The big thing we’re all going through right now is the pandemic. The majority of our business’ lifespan has been in the context of COVID-19, and we were quickly forced to transition away from the model that our whole business was built on, which was having people enjoy their beer in our space. So last March when we had to close our doors and lay off all of our employees, it was “do or die” time. We learned that it is really crucial to be thinking about what we CAN do and using the restrictions as creative constraints to go after new opportunities. It was a hard thing to remain optimistic and continue working hard, but like everyone else, we didn’t have much choice. We also realized how fortunate it was for us to have a large team of owners that were willing and able to put in the work to keep things moving when we couldn’t afford to keep our staff. 

An nice assortment of snacks and drinks available.

What advice would you give to someone wanting to open up a brewery? 

You have to really give a shit about the quality of the beer. Anything below average just doesn’t cut it in this market where there is such a high level of competition and consumers that really know their stuff. The other thing I would say is to think about how modern design and technology play into your plan, because our world is shifting rapidly and we have to be ready to shift our operations and adapt quickly.

Have you made any hard decisions to get you through the ongoing challenges of COVID? 

The hardest thing we had to do is let go of our staff. This was a really sad day for us, but we were luckily able to hire everyone back! 

Isaiah with brewer Sasha in the brewing room.

As you look back on this chapter in our lives, what do you hope to gain in terms of personal and/or business growth? 

I think just to remember that we are resilient, and that we have the tools to overcome big challenges. We just need to believe in the vision, take care of ourselves and each other, and show up every day ready to make things happen and be flexible.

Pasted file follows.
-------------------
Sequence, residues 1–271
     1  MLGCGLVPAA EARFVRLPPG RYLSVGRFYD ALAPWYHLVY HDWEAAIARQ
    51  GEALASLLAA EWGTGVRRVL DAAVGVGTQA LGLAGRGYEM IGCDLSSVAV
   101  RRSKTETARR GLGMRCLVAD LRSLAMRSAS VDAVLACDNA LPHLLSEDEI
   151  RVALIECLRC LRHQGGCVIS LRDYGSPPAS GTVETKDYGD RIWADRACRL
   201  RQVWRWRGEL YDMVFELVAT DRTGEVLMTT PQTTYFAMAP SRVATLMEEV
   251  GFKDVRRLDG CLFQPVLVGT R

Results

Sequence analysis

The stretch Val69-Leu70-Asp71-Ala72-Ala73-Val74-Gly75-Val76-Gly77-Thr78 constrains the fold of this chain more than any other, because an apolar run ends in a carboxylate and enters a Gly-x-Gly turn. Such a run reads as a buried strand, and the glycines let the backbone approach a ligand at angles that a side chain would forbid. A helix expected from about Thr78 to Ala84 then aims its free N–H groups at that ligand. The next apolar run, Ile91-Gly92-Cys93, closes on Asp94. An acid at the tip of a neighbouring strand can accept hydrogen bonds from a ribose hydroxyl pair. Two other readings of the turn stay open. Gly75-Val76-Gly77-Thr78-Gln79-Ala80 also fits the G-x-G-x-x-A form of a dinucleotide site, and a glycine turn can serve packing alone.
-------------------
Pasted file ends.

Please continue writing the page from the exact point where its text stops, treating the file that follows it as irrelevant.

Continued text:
Inspiration is all around us. Can you tell us who or what inspires you all? 

Wow, the independent business community in this city is truly amazing. We see so many shop owners showing up every day, being kind and positive and just pushing on. It’s really inspiring to be in our lower Johnson neighbourhood and observing the perseverance and commitment to quality and high standards despite the obvious challenges people are going through. Also the natural environment on the island is a constant source of inspiration. It’s just so epic here.

Whistle Buoy’s year-round outdoor covered and heated patio with Covid- and dog-friendly tables. (Head there on weekends for oysters from The Wandering Mollusk‘s pop-up!)

What’s next for Whistle Buoy Brewing? Anything you would like to share? 

We are currently expanding into the vacant space next door, which is pretty exciting. That will provide a nice new offering for this summer. Stay tuned on that!

Final thoughts? 

Thanks so much for the opportunity to chat with you. It’s a really important thing to reflect on the past year and digest the lessons so we can keep growing. We’d also like to remind people that our heated dog-friendly patio is open everyday and we offer local delivery 5 days a week!

Isaiah behind the outdoor bar.